By Mark Brown,
Word in Black

In 1944, President Franklin Roosevelt signed the Servicemen’s Readjustment Act, which became one of the largest social investments ever made by the federal government. 

Thanks to what became known as the GI Bill, millions of WWII veterans were able to take advantage of education and housing benefits. Because of this investment, the number of college degree holders doubled between 1940 and 1950, and 5.3 million home loans were distributed, accounting for 20 percent of new homes built following the war.

Yet, these benefits were heavily skewed towards White Americans. According to Brandeis University, systemic barriers such as Jim Crow and de facto segregation and discrimination obstructed an average of $180,000 (adjusted for inflation) from reaching many Black veterans.

As the states now focus on distributing funding from the bipartisan Infrastructure Investment and Jobs Act (IIJA), we are at risk of Black communities once again being left behind on a once-in-a-generation social investment.

When President Biden signed the IIJA in 2021, the law earmarked $65 billion to expand broadband services in unserved and underserved communities. Within that funding, $42.45 billion is reserved for the Broadband Equity, Access, and Deployment (BEAD) Program, a formula-based program that will decide the distribution of funds to states, territories, and D.C.

These funds will be distributed to individual states based on their projected need, then states will decide how much to allocate to local community projects. Given our nation’s once-in-a-lifetime investment in broadband, and directives learned from the GI Bill that will ensure funding is fairly distributed to unserved and underserved communities, advocates and officials must remain vigilant to distribute these funds to Black communities and regions home to HBCUs.

The federal government currently plans to base funding allocations on current FCC estimates of broadband penetration. Yet in many cases, these maps incorrectly label regions as sufficiently connected, particularly around HBCUs. While across the United States nearly 25 percent of students lack adequate internet access, when we look at HBCU students, that number more than triples as 82 percent of our nation’s HBCUs reside in broadband deserts.

To ensure these vehicles of social and economic mobility — which produce 75 percent of Black PhDs, 80 percent of Black Federal Judges, and 50 percent of all Black engineers — can provide students with the resources they need to succeed in our digital economy, they must have access to reliable and affordable broadband services.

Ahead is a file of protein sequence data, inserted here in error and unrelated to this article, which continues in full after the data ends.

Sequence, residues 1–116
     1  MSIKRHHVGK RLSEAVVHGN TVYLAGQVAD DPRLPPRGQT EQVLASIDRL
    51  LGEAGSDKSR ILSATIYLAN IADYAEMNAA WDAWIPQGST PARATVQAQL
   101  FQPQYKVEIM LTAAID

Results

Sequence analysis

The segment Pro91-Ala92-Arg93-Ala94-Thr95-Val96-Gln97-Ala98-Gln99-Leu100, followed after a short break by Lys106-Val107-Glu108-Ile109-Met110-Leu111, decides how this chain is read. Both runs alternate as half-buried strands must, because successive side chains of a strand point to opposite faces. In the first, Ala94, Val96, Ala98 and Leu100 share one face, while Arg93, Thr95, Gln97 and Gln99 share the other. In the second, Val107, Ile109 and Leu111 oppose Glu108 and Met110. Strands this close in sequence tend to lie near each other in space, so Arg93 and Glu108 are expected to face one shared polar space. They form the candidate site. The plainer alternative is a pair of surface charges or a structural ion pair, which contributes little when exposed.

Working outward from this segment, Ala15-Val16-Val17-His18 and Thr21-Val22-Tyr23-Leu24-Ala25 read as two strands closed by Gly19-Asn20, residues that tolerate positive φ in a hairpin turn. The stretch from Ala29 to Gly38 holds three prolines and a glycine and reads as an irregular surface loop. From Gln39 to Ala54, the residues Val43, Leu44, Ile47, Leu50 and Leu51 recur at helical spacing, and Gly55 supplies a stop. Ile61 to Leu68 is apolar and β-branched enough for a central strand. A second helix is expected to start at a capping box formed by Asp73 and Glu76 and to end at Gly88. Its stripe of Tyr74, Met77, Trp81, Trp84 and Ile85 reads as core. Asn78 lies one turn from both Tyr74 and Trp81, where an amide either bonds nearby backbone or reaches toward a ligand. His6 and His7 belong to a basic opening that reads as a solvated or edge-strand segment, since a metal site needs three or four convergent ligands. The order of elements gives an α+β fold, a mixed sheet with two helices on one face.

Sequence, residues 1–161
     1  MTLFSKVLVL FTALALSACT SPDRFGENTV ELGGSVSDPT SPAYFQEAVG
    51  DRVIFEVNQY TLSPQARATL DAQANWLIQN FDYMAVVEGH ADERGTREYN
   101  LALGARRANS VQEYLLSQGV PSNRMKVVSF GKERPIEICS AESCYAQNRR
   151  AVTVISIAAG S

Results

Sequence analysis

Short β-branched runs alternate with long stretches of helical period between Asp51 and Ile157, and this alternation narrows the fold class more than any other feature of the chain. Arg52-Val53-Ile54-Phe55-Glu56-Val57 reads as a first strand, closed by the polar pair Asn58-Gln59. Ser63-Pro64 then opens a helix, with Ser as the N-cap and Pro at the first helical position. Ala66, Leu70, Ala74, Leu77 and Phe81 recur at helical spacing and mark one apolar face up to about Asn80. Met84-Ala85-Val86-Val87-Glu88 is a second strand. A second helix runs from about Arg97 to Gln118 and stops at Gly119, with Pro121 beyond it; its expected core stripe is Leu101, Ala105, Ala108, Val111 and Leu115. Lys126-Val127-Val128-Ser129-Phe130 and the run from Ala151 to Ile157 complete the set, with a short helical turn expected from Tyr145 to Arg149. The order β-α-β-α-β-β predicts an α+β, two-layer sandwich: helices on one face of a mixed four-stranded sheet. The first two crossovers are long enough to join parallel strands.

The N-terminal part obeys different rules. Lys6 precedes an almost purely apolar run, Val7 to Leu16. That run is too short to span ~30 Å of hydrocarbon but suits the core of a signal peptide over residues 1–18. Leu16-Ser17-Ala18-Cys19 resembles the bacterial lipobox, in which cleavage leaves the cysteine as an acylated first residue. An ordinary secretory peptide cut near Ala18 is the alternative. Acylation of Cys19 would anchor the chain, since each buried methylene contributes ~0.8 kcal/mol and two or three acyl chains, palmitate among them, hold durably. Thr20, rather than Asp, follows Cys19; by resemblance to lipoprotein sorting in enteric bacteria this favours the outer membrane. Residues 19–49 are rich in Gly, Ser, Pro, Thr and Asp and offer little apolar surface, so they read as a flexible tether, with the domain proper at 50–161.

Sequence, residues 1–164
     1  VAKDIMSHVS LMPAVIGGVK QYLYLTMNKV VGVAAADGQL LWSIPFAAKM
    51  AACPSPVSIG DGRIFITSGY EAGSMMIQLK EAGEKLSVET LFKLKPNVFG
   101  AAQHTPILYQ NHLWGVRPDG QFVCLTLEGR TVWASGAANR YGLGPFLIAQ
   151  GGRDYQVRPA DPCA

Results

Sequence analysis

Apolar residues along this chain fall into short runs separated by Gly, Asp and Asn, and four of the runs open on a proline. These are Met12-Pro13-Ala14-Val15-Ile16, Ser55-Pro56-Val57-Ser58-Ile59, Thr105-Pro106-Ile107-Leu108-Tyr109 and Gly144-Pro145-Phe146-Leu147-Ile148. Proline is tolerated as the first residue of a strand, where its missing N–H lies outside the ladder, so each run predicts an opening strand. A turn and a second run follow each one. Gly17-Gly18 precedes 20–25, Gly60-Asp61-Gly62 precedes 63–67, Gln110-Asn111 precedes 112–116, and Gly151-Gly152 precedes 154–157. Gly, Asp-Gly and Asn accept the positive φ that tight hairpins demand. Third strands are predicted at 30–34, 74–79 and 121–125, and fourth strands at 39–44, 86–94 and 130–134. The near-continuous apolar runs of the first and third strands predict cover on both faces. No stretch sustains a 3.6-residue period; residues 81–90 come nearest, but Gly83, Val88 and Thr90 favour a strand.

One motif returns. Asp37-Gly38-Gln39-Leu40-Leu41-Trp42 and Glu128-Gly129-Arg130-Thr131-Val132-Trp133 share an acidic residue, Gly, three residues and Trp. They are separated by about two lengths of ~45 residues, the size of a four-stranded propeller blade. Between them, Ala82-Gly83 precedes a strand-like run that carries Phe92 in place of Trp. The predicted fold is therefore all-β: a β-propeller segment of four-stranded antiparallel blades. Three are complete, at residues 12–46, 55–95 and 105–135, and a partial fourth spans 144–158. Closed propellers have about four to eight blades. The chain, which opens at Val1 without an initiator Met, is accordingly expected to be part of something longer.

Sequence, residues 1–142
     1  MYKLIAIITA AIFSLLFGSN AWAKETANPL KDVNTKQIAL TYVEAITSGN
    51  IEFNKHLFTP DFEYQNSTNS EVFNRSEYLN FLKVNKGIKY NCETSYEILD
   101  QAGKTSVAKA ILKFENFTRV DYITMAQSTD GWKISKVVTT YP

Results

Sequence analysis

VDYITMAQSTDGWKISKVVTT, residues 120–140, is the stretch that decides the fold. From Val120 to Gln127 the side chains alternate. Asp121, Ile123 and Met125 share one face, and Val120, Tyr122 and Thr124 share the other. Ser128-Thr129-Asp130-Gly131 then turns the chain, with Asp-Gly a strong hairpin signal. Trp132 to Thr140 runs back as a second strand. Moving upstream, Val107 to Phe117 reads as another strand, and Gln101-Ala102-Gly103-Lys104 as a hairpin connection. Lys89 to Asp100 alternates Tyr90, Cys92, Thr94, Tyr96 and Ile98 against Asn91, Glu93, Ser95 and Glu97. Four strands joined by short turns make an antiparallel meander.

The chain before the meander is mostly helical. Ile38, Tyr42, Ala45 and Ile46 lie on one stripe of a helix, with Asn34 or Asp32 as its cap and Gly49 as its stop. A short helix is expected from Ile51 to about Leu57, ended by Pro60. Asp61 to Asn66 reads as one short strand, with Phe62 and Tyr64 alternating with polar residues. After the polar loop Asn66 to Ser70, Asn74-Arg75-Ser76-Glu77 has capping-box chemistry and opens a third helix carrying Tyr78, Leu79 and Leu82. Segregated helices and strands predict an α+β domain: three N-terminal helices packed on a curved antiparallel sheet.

The effects of this digitization would ripple across our entire economy and narrow the dual racial wealth and opportunity gaps. While Black consumers spend over $800 billion each year, we have the potential to unlock another $300 billion simply by eliminating the digital divide. Even a modest expansion of broadband services would add fuel to our economy at a time of great uncertainty. According to Deloitte, a 10 percent increase in broadband penetration in 2016 would have resulted in more than 806,000 new jobs by 2019; if we had accomplished this in 2014, it would have added nearly $200 billion in economic output over five years.

With the addition of IIJA funding, HBCUs would become local hubs of innovation to their local communities, which house over half of all Black Americans. These funds will be allocated to states on June 30, 2023. Until that time, we call on the public to contact their local, state, and federal officials and demand this allocation target communities most in need.

Once allocations are announced, states have 180 days to outline the individual community plans to utilize federal funding. To take advantage of these funds, HBCUs and their local communities can create Digital Equity Connectivity Plans.

Through the Student Freedom Initiative’s partnership with Connect Humanity, we were able to create one of these Plans for Claflin University in South Carolina. The strategy outlined was critical in positioning Claflin to receive funding and coordinate with partners to install the necessary hardware and software that will now deliver high-speed broadband across campus. 

To scale our ability to reach other schools, SFI and Connect Humanity have formed Connect101, whose sole focus is to assist HBCUs with creating these Plans.

If we as a nation are serious about following through on the pledges made to fight for racial justice, now is the time to prove it. We have a real chance to build equity into our digital infrastructure — we must not miss this opportunity.

Dr. Mark Brown is the executive director of the Student Freedom Initiative.

Editorial Note: Word In Black, which originally published this article, is currently working on a multidimensional proposal in partnership with the Student Freedom Initiative to address the numerous opportunities outlined in this op-ed.